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As mentioned recently, the Mastering Volume Photography conference, sponsored by PhotoLynx, has become an increasingly important event in the photography education calendar. We were not able to attend this year but received many reports on the topics and trends observed, which are shared below.
One of the biggest outcomes of MVP was the unbridled optimism for the future of the volume photography business, as shown by PhotoLynx president Tim McCain. “MVP was fantastic,” he says. “There were 285 people in attendance, plus 29 vendors. This shows the industry is alive and well, if you’re willing to change.”
McCain said one of the session highlights was a panel of parents, ranging from a 26-year-old mom to a 56-year-old mom, sharing their insights as event-photography consumers. He noted there is a growing acceptance and, yes, even expectation for digital delivery of these images. Prints are no longer expected.
“All the moms on the panel want a digital delivery option for photos, and are willing to pay for a file to share on social media,” said McCain. There was also a principal panel, outlining the logistical challenges for school photographers; principals want the commissions from school portraits, but don’t care for Picture Day disruptions. They are also out-of-touch with what parents want from school pictures.
“Mastering Volume Photography is a unique event on the volume school and sports conference circuit,” adds Jeff Frazine, sale representative, PhotoLynx. “It has certainly become more than a user’s group meeting. It is becoming a widely respected industry gathering of decision makers at various size companies engaged in school and sports photography.”
Mark Schoenrock of PSP Consulting, provided a keynote address on the changing market forces at play in the school and event market.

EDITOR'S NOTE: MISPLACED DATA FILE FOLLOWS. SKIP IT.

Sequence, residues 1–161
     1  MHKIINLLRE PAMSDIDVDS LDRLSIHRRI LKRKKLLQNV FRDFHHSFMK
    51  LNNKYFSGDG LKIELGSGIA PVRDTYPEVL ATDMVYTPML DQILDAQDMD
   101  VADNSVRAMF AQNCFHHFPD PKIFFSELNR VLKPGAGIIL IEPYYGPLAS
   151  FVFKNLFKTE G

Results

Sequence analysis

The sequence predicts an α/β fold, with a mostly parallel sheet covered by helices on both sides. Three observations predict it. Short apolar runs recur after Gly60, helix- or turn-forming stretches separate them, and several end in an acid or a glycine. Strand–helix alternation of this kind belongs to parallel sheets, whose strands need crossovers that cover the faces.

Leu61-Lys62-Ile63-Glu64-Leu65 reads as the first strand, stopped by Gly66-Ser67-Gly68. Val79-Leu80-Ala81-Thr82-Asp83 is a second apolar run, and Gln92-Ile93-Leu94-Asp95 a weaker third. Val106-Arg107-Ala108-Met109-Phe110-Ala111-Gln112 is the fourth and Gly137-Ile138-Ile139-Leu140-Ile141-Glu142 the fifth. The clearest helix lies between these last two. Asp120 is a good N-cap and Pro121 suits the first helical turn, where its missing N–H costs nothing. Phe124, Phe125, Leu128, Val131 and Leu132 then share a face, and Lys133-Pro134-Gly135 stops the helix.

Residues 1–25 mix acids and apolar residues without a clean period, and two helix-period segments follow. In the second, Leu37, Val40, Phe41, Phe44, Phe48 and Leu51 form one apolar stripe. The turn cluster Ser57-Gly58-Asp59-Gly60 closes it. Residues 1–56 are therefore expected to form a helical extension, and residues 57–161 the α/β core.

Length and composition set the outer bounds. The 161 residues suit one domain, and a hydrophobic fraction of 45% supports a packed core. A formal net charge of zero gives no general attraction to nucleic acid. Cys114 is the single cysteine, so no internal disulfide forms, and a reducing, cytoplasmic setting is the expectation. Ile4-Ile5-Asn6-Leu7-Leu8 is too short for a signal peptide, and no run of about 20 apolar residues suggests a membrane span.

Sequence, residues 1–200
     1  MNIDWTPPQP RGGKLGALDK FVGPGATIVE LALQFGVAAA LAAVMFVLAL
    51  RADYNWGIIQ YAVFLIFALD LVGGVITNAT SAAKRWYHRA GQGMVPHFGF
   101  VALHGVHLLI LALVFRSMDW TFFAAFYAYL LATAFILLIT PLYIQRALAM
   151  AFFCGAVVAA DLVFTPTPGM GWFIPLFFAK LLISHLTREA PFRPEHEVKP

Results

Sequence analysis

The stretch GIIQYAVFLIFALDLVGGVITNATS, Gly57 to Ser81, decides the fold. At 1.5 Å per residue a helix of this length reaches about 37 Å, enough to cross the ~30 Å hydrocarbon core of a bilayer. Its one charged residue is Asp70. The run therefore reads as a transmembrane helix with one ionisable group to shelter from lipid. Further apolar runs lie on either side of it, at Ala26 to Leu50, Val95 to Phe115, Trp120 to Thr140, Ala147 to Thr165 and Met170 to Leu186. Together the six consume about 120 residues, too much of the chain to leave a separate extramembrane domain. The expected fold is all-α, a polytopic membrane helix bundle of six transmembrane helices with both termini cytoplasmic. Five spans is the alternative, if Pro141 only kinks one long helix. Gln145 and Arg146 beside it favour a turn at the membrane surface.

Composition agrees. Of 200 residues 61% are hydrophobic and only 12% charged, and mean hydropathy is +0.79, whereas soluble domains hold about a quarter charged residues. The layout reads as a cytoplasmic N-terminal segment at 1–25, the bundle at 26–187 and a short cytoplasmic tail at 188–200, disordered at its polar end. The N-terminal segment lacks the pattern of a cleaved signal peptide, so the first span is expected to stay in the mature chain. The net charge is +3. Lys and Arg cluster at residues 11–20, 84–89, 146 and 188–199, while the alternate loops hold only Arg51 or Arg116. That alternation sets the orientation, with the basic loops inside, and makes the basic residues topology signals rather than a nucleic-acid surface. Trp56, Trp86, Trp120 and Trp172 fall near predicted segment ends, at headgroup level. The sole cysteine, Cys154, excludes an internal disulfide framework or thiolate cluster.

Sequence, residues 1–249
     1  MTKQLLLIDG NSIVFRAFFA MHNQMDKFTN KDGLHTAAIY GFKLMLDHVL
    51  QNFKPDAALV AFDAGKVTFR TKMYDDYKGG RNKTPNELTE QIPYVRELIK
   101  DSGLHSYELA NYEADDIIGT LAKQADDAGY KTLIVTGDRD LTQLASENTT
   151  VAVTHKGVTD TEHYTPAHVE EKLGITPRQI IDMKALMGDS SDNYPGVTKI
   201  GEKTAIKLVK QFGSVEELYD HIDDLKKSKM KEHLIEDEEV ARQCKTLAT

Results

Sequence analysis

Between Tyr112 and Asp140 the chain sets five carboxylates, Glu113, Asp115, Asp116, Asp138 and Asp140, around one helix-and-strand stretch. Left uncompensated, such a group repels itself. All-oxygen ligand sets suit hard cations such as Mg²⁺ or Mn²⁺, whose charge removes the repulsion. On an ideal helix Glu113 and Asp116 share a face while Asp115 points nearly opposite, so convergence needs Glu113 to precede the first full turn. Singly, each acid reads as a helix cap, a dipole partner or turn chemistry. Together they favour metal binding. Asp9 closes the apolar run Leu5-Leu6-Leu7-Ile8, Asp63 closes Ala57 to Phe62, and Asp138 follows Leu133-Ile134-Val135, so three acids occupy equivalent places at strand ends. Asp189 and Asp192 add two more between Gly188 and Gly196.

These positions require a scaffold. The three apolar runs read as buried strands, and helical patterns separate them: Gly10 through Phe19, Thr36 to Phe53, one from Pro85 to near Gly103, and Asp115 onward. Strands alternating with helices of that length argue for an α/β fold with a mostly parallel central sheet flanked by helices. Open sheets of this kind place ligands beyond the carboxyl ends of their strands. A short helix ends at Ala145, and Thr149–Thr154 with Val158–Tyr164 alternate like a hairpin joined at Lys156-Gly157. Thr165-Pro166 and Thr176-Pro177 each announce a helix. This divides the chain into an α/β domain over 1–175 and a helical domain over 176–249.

“Improving participation in the volume segment requires that as individual businesses and as an industry we work hard to improve on what matters to mom. One important step we can take is to acknowledge mom conducts business on her smart device. We can too – by providing our images digitally, selling the digital image and by offering new forms of social media friendly digital content that motivates mom to buy more,” he says.
“Volume photographers are beginning to recognize the opportunity to increase sales and build deeper long-term relationships by embracing the mobile technology mom uses. Personalized gifts, graphic treatments, home décor products and e-products are underserved in the school picture business. Offering the consumer a wide variety of products throughout the year can help the industry shift from the ‘one and done’ approach to product sales and marketing to multiple product sales from one image and improved Customer Lifetime Value.”
Will Crockett, professional photographer and educator, has long been a proponent of digital products, especially portraits incorporating video. He shared his experiences creating a large-scale hybrid church directory. Unlike other solutions, Crockett claims consumers want weblinks, not apps, for viewing and sharing.
“After just finishing my first church directory project where the primary sales product was delivered digitally, I think I can see where my customers want to go,” says Crockett. “They want an ‘eProduct’ to share and to post using their phones as the most important item, and they are very clear in letting me know they don’t want it to require an app to see or share that eProduct. We have been successful in figuring out what that digitally delivered eProduct is and our PortraitLink brand of talking portraits is delivered to the customer as an attachment to a standard SMS text message. No app needed.
“The workflow is simple – the PortraitLink is first shown to the customer as a video placed inside a typical Zenfolio gallery along with the photos for purchase,” explains Crockett. “That gallery URL is send via email and text to the customer and if they buy a package that includes the individual PortraitLink, it’s sent by itself in the fully functional version to their phones. It’s automated, easy, and no complaints from customers about needing an app and no customer support calls later when they forgot how to use the app.”